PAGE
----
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ITALY: Greatest Victory

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Debate began in the Senate over the Army Reform Bill, a Fascist measure designed to reduce the standing Army from 200,000 to about 140,000 men. It was the first appearance of Premier Benito Mussolini in that august assembly since his recovery from his recent illness. He was received with dignified enthusiasm, sharply contrasted with the boisterousness of the lower Chamber (TIME, Apr. 6). Senate President Tommaso Tittoni congratulated the Premier upon his recovery.

The Army Reform Bill met opposition. Marshals Cadorna and Diaz, Senators, opposed the Bill, cried that Italy might at any time be called to defend her frontiers, that a force of 200,000 men was not excessive.

The real urgency of the Opposition was that the proposed reduction of the Army would make it a smaller body than the National Militia, which is a Fascist organization in everything but name. To soldiers and statesmen of the old school and to the enemies of Fascism, which number not a few in the Senate, the mere thought of reform in the Army was intolerable.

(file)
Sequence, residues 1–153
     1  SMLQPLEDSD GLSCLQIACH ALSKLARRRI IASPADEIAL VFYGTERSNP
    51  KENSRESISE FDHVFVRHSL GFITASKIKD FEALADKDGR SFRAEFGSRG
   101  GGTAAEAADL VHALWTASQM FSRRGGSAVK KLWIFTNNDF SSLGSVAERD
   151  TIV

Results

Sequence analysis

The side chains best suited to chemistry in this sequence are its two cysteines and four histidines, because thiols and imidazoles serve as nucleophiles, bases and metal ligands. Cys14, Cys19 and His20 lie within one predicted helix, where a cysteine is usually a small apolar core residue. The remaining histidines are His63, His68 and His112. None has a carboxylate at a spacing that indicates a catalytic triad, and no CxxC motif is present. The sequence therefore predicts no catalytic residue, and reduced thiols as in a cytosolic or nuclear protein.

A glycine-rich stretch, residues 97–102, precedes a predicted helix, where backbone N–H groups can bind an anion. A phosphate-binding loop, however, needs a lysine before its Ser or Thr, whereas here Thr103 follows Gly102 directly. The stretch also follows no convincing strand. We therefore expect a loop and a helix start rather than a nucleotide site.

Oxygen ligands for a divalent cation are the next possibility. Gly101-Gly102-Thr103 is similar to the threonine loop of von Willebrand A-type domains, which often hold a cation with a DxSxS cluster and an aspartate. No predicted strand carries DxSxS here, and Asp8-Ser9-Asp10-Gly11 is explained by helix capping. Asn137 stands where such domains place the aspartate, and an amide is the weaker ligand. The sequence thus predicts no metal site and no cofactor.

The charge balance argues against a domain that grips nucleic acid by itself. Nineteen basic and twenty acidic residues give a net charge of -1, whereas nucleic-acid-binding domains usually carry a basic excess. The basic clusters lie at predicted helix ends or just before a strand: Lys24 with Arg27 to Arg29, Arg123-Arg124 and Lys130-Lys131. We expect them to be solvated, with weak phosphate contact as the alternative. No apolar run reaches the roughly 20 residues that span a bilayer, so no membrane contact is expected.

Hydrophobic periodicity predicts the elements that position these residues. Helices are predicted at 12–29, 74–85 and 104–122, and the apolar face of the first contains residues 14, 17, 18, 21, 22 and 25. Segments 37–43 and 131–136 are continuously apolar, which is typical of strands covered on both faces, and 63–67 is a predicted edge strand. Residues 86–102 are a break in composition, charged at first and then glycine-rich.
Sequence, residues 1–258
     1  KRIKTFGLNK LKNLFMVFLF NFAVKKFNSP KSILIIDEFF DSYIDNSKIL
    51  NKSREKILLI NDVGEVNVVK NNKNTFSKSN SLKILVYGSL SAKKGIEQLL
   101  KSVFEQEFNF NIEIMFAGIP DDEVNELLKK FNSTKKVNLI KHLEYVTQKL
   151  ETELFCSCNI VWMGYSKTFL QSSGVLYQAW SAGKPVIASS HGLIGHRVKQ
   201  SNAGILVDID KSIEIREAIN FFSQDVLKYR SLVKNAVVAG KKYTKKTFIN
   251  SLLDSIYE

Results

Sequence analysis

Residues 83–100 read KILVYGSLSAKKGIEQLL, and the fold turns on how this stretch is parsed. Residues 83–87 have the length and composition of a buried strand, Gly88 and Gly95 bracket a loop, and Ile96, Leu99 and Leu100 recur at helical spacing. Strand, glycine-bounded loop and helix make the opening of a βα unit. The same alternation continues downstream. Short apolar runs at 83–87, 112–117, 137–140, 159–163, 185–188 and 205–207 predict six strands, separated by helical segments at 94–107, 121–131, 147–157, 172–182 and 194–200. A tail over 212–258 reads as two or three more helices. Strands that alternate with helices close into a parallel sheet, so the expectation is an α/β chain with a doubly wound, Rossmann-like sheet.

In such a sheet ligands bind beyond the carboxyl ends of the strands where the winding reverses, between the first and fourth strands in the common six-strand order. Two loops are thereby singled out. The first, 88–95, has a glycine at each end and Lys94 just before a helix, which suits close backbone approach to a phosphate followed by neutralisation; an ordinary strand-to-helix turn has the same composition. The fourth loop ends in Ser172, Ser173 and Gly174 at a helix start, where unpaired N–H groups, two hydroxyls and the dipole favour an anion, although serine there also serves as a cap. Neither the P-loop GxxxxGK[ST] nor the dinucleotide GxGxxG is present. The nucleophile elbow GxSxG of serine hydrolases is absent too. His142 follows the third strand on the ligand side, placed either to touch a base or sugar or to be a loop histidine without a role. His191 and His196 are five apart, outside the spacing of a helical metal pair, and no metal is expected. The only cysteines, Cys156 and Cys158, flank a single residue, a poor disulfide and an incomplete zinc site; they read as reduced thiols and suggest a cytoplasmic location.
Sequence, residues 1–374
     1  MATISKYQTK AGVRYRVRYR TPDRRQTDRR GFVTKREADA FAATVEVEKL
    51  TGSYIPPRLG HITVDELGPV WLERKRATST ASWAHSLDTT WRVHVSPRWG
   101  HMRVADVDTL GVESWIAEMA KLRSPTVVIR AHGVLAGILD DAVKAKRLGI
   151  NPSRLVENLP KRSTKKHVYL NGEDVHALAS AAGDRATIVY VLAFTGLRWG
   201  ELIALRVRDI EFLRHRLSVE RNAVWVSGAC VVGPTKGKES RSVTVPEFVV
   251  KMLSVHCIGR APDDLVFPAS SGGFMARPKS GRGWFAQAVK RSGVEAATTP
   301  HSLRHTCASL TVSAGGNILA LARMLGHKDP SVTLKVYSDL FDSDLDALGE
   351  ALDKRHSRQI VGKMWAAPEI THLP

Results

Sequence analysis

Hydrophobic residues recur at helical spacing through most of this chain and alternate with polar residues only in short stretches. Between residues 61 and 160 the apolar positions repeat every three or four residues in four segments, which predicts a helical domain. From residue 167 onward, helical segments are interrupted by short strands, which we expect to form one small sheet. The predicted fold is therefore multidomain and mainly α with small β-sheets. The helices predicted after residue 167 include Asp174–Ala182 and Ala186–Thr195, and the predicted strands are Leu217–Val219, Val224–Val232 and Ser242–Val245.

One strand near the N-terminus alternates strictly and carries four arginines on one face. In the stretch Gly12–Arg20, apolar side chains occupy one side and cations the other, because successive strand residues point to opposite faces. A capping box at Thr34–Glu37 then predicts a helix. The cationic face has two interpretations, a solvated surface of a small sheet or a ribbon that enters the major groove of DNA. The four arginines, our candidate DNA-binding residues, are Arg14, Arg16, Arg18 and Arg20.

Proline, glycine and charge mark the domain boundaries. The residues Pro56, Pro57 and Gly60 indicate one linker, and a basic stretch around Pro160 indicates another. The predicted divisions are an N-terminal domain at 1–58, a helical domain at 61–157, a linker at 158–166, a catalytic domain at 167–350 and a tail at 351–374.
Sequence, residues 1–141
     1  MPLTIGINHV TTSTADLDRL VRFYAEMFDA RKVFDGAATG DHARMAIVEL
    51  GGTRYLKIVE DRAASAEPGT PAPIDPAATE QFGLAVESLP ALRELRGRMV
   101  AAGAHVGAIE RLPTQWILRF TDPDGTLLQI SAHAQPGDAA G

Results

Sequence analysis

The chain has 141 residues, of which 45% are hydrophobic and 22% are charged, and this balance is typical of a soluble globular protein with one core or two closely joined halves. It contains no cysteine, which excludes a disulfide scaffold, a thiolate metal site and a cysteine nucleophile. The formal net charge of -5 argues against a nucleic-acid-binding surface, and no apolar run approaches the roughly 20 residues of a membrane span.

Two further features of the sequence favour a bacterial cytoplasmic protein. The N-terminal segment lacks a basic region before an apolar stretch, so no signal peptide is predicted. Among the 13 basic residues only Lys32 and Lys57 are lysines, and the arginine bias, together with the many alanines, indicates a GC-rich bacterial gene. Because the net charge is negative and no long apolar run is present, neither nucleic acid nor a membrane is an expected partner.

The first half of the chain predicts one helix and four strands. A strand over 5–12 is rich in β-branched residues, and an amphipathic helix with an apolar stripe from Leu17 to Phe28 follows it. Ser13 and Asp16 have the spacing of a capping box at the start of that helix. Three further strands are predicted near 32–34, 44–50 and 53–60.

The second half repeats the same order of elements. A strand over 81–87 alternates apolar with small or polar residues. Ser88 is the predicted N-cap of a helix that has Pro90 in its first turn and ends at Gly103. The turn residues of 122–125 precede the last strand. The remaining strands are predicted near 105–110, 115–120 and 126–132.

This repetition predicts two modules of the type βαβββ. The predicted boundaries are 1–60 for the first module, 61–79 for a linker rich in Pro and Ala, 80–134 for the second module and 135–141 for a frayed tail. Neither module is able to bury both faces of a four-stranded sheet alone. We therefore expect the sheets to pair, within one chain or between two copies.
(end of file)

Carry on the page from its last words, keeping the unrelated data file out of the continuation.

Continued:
The man most responsible for the Reform Bill was General di Giorgio,

Minister of War, hitherto regarded as one of Mussolini’s closest friends and advisers. He came to the Bill’s support. The gist of his defense was this: Italy cannot afford to keep such a large army as 200,000 men; this being the case, it is better to have the Army small, well equipped than large, badly equipped.

Premier Mussolini opened with a speech−probably the best he has ever made−which drew from friends and enemies alike unstinted praise. He differed from his War Minister on a fundamental: He could see the need for a large, well equipped Army. He spoke of the probability of a new war, contrasted the armed forces of Italy with those of France, Britain, the U. S.; yet he remained adamant on the financial advisability of maintaining the Army at its present strength.

No doubt he saw the hostility of the Senate to the measure; accord-ingly, he suggested−since it was a case affecting the vital interests of the country and demanding careful deliberation−that discussion of the Bill be indefinitely delayed. The Senators readily agreed−a remarkable victory for the Premier, as they had seemed certain to defeat the measure.

But what was victory for the Premier was defeat for the Minister of War. Mussolini covered his own retreat to a better position, but left his rear guard, Di Giorgio, slain on the field. The virtual effect of the offer of delay was to withdraw the Reform Bill and General di Giorgio was prompt to resign. His resignation was accepted; and. Premier Mus-solini, who is also Minister of Foreign Affairs, became Minister of War ad interim.

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